Professor Michael Collyer, the projects’ Principal Investigator, said: “These projects will contribute to the ways in which we think about forced displacement and urban infrastructure. They build on a long history of research into migration and development at the University of Sussex, conducted in partnership with institutions around the world. We hope that the research will improve responses to displacement and urban poverty, crucially by recognising and amplifying the expertise of people who are directly affected.”
1 – One of the first centres on Migration in the UK, the Sussex Centre for Migration Research (SCMR) builds on a longstanding reputation for original theoretically driven empirical research in the field of migration and ethnic relations. SCMR is based in the University of Sussex’s School of Global Studies.
2 – The University of Sussex’s partners on the Protracted Displacement Economies project are: Group de Recherche et d’Études Stratégiques sur le Congo (Democratic Republic of Congo); Organization for Social Science Research in Eastern and Southern Africa (Ethiopia); Basmeh & Zeitooneh and Sawa for Development & Aid (both Lebanon); Covenant Institute (Myanmar); University of Peshawar (Pakistan); and Institute for Development Studies and Queen Mary University of London (both UK).
3 – The University of Sussex’s partners on the Towards Trajectories of Inclusion project are: International Centre for Climate Change & Development and BRAC Urban Development Programme (both Bangladesh); Institute for Peace & Conflict Studies and Somaliland Ministry of Planning & National Development (both Somaliland); Centre for Migration Research & Development and Sevanantha (both Sri Lanka); Durham University, Institute for Development Studies and PositiveNegatives (all UK); Development Governance Institute and Dialogue on Shelter (both Zimbabwe); and Slum/Shack Dwellers International (global).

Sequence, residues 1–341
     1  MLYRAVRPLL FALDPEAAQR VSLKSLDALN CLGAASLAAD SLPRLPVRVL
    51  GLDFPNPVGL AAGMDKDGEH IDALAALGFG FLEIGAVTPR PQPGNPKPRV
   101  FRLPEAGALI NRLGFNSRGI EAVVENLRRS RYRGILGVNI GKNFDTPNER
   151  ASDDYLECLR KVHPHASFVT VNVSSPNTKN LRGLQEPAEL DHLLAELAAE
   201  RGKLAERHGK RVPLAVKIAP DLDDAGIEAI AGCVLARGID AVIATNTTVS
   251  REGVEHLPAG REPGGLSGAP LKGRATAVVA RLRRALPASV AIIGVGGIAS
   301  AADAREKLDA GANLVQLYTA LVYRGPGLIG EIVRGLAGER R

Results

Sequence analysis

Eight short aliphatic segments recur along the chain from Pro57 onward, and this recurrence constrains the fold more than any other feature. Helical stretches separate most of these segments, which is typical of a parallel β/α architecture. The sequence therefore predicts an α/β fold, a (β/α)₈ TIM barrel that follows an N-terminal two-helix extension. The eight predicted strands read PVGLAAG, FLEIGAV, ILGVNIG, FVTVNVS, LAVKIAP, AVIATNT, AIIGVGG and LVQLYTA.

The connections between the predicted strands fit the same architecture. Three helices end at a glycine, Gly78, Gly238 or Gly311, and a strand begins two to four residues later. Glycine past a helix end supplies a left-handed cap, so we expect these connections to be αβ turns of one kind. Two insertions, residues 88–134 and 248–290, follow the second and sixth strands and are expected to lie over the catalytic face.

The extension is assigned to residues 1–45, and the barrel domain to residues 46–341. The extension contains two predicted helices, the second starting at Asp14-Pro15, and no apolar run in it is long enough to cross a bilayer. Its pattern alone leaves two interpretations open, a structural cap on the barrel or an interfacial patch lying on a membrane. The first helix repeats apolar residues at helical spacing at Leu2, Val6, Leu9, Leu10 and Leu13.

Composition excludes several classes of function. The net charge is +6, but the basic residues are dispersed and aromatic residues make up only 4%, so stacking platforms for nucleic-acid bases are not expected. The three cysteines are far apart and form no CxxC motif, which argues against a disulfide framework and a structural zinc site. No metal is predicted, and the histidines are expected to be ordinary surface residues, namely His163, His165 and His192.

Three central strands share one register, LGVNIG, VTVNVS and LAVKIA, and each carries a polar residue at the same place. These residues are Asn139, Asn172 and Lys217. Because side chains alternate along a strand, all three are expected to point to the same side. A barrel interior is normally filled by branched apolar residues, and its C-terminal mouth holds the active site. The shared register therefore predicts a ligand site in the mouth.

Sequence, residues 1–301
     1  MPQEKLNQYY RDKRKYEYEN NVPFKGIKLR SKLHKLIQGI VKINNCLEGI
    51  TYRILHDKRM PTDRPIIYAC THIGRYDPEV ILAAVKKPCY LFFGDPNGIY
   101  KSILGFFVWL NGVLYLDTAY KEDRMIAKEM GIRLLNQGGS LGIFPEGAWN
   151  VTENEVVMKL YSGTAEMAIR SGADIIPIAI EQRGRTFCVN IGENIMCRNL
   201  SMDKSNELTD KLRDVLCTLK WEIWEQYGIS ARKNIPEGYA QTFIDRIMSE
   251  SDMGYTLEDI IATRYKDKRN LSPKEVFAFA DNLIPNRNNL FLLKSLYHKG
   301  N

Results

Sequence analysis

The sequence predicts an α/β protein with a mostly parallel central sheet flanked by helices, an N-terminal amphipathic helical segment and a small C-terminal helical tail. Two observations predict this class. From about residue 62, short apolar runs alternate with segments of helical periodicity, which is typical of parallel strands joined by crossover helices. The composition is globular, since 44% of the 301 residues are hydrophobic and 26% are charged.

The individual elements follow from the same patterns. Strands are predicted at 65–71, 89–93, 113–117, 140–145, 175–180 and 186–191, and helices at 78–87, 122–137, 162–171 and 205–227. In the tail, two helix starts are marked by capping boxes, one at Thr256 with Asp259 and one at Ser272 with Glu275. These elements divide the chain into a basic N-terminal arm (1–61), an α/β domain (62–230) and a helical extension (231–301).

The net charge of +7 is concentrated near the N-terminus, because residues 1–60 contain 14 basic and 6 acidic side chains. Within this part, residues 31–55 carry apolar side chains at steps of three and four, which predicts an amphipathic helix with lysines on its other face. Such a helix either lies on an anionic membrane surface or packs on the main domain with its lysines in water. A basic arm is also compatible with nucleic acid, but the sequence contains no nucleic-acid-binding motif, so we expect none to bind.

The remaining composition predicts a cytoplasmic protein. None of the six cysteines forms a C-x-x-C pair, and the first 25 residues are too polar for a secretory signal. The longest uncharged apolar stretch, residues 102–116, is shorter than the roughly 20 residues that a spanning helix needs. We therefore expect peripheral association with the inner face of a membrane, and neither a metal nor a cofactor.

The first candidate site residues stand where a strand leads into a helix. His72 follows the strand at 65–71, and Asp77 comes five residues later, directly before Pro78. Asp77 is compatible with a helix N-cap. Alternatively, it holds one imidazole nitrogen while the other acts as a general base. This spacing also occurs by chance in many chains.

4 – UK Research and Innovation (UKRI) works in partnership with universities, research organisations, businesses, charities, and government to create the best possible environment for research and innovation to flourish. UKRI aims to maximise the contribution of each of its component parts, working individually and collectively. It works with many partners to benefit everyone through knowledge, talent and ideas. Operating across the whole of the UK with a combined budget of more than £8 billion, UKRI brings together the seven research councils, Innovate UK and Research England.
5 – The Global Challenges Research Fund (GCRF) is a £1.5 billion fund supporting cutting-edge research and innovation that addresses the global issues faced by developing countries, and forms part of the UK Government’s Official Development Assistance commitment. It harnesses the strengths of the UK’s world-leading researchers enabling them to collaborate with experts in developing countries through equitable partnerships. GCRF focuses on funding challenge-led disciplinary and interdisciplinary research; strengthening capability for research, innovation and knowledge exchange; and providing an agile response to emergencies where there is an urgent research or on-the-ground need. GCRF is managed by the UK Department for Business, Energy and Industrial Strategy (BEIS) and delivered through nine partners.
This press release was originally published on the University of Sussex website on 26 November 2020